So we’re approaching not so much ‘peak Trump’ but ‘trough Trump’ where members of the GOP have taken Russian money, among other revelations. The media reminders of the GOP resistance to the MLK holiday are a minor punctuation.
This will be an interesting week, just as GOP racism as usual serves as just another distraction from Biglygate.
As Special Counsel Robert Mueller's team probes deeper into potential collusion between Trump officials and representatives of the Russian government, investigators are taking a closer look at political contributions made by U.S. citizens with close ties to Russia.
Buried in the campaign finance reports available to the public are some troubling connections between a group of wealthy donors with ties to Russia and their political contributions to President Donald Trump and a number of top Republican leaders. And thanks to changes in campaign finance laws, the political contributions are legal. We have allowed our campaign finance laws to become a strategic threat to our country.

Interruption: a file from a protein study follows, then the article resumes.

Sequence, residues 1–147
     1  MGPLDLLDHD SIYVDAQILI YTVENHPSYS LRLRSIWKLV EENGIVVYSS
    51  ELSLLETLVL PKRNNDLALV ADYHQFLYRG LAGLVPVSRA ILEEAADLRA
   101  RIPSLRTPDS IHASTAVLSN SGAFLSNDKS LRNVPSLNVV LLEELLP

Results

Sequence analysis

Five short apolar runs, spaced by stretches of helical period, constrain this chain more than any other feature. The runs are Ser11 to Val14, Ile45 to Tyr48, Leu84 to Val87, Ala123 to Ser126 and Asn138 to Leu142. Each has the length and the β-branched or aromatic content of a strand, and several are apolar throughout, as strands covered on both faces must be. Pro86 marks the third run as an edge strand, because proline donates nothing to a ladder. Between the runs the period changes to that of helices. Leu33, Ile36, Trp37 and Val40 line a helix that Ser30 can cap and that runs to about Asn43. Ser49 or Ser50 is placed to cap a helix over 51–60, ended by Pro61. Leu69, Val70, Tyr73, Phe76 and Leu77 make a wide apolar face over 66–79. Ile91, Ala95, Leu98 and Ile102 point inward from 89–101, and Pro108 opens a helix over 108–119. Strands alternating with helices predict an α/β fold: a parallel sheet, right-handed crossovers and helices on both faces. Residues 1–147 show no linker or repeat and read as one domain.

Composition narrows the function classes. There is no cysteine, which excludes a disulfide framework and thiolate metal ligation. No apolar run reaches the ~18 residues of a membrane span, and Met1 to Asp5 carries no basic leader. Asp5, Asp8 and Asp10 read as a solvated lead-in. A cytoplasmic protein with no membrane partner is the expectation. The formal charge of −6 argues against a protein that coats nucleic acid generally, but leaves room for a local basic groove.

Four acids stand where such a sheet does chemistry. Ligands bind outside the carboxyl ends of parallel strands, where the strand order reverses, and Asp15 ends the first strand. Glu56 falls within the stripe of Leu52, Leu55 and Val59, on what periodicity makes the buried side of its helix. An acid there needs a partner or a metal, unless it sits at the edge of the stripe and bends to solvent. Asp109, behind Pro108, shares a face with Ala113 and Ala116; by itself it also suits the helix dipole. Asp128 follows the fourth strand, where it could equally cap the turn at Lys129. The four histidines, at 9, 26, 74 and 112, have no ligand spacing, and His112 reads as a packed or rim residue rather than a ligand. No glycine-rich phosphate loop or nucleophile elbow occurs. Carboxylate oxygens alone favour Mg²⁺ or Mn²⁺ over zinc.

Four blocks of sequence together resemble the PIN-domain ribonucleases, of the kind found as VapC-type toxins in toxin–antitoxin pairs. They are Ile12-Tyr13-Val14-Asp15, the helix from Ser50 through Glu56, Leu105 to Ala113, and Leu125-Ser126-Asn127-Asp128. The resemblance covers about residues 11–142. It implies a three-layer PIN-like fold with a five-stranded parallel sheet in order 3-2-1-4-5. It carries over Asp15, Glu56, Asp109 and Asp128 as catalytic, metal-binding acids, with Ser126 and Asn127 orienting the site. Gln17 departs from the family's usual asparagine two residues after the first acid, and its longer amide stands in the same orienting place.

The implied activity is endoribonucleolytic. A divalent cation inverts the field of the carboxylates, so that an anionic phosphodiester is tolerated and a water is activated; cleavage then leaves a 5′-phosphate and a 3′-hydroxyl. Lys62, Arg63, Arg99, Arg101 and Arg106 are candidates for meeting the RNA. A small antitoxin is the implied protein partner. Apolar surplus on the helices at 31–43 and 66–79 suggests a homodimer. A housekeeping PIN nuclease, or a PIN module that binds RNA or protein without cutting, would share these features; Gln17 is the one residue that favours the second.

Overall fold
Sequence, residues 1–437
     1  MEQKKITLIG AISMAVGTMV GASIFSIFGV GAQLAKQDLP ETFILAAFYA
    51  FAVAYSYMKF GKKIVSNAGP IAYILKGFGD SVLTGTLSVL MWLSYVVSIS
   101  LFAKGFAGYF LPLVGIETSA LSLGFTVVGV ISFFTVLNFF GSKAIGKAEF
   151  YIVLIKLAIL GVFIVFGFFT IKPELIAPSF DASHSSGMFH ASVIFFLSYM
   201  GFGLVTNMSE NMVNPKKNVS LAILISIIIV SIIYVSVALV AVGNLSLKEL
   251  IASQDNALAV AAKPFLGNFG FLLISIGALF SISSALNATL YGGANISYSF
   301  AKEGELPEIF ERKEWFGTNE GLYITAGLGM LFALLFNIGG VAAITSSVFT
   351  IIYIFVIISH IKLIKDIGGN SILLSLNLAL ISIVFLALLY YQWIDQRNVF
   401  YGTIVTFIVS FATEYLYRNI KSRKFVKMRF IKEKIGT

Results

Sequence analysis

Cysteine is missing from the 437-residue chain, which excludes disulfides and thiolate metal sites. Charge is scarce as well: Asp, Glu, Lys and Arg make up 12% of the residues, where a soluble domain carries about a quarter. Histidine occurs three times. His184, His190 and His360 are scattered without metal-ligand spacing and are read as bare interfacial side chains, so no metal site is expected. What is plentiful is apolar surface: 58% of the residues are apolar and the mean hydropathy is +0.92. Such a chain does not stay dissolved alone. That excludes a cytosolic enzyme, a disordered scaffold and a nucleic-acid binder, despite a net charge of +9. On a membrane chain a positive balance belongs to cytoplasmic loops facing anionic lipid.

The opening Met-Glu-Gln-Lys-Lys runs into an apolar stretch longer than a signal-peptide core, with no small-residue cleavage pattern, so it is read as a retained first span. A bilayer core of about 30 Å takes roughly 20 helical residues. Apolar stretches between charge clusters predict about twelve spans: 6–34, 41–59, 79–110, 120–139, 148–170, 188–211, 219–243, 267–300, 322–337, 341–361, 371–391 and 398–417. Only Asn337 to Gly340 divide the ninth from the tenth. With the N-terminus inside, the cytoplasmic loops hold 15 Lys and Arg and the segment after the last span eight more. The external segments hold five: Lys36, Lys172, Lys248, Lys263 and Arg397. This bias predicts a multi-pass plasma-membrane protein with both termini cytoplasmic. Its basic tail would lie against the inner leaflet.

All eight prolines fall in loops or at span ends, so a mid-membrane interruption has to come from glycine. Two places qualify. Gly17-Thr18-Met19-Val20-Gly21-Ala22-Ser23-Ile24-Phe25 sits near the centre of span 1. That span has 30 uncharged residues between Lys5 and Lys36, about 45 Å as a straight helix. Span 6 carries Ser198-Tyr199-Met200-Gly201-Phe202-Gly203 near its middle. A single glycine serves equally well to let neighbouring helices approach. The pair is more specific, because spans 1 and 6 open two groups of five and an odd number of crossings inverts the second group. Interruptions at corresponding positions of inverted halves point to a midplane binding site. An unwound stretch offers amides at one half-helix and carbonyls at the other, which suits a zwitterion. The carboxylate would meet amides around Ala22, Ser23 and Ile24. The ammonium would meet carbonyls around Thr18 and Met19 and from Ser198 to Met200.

Donald Trump may not think of himself, or his family, as kleptocratic. But his business model – and his continued profiteering while in the White House – fit firmly within an international mold of kleptocracy, marrying anonymous shell companies, luxury real estate purchases, and unknown relationships that may well be driving policy outcomes.
The latest revelation on the financial murk surrounding the president came earlier this week, with a blistering report in USA Today revealing that over half of the 2017 real estate sales from Trump’s companies went to anonymous shell companies.
As the report found, the sales – totaling some $35 million – represent a stark shift from Trump’s pre-presidency days: “In the two years before the nomination, 4% of Trump buyers utilized [anonymous shell companies]. In the year after, the rate skyrocketed to about 70%.” The report added that “USA Today’s tracking of sales shows the trend held firm through Trump’s first year in office.” And for the vast majority of these purchases, there’s little indication who’s fronting the cash – let alone who the ultimate beneficiary of the properties may be.